Ask One of the World's Top Headphone Engineers Whatever You Want

Sennheiser makes some of the best headphones in the world regardless of whether you want to pay $70 or $1500. Today, we're lucky enough to have Sennheiser Senior Acoustic Engineer Axel Grell here to answer your questions starting at 1PM.

Amongst Grell's many accomplishments are the designs for Sennheiser's super high-end HD 800 over-ear headphones and the new badass IE 800 in-ear monitors. To kick things off, we asked Grell to answer a few questions about the design of these beauties, but he'll be hanging out in the discussion below addressing whatever is interesting to you. Now's your chance to ask all your burning questions about the science of designing perfect sound.

Q: The HD 800's 56mm transducers—I believe that this is the largest dynamic driver in any headphones right now?

As far as I know: yes!

Q: What design challenges does such a big driver pose?

When just the diameter of a traditional transducer is increased the diaphragm will make unwanted movements in the audible frequency range. These movements cause dips and peaks in the frequency response and a decrease of high frequency reproduction. The solution is the usage of a wideband ring radiator: The diaphragm is glued to an inner rim, the 40mm voice coil (this is more than double the diameter of the average voice coil diameter of full size headphones!), and the outer rim. The distance to a controlling element is even smaller than it is in a traditional transducer. It leads to a very clean reproduction even in the high frequency range and above ( the last is only interesting for bats ;-) )

Q: And why driver size is important in headphones?

The larger the moving area of a transducer, the less movement he needs to make to produce a certain Sound Pressure Level. The less movements a transducer needs to make the lower is the THD. A second aspect: The natural sound field takes up a very large area around the head. To create a natural impression of the "room" it is necessary to radiate the sound as similar to the natural sound field as possible. This is the second reason for the big diameter and the angled position of the transducer.

Q: What's was the biggest challenge in designing the new IS 800s?

IE 800? The biggest challenge was to design a transducers that covers the whole frequency range from 5 Hz to 46500 Hz. But it was definetely worth the work. It reproduces the sound without time differences what happens when you use a multi driver solution. The other thing is how to avoid the resonance that occurs when you put a earphone in your ear canal. The solutions is the dampened 2 chamber absorber. It leads to a smoother high frequency reproduction. Now you can hear r e a l heights instead of a peak at 7500 Hz!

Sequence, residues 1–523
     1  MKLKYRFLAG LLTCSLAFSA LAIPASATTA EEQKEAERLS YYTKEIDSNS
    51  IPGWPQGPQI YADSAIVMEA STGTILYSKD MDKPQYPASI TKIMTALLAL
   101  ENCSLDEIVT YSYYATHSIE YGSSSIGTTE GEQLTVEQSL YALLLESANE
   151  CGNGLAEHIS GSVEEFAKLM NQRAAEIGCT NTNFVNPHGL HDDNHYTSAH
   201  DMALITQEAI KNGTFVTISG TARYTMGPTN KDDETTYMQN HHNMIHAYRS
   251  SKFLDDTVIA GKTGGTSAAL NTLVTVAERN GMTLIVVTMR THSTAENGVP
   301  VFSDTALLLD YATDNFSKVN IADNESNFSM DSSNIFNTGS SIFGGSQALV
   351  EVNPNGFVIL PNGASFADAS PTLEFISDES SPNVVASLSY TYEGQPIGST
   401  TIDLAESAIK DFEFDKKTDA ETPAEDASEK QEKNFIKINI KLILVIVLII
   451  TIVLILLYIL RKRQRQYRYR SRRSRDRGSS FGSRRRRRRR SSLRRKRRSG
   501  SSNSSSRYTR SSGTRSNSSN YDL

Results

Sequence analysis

Q: Earbuds tend not to be very durable…what have you done to ensure that these will last long enough to justify the $1000 price tag. Do you see people using these on the go or at home?

They are definitely designed for the use on the go—but you can use them at home as well. We have thought a lot about the durability of this earphone: we made the housing out of ceramics, build special easy to change easy to clean ear adaptors, build in two meshes to protect the acousics against ear wax and used a special very durable cable. We found that most of the defects of standard earphones are caused by broken cables. The defect is located close to the 3.5mm connection plug. So the lower part of the cable, from the plug to the divider is exchangeable.

Q: One of the things we really love about Sennheiser is that some of the less expensive headphones are so fantastic...

We know how music sounds. A lot of Sennheiser employees are DJs, musicians, sound engineers or Tonmeisters. We have a lot of a experience with the right tuning of headphones. We know how a headphone should sound and we know it better than some gangsters ;-) It is possible for us to make a good sounding headphone even when inexpensive components, but of course in direct comparision you will hear the difference to a top class headphone

Now it's your turn. What do you want to know about headphones and sound? Ask your questions below and Axel Grell will answer them.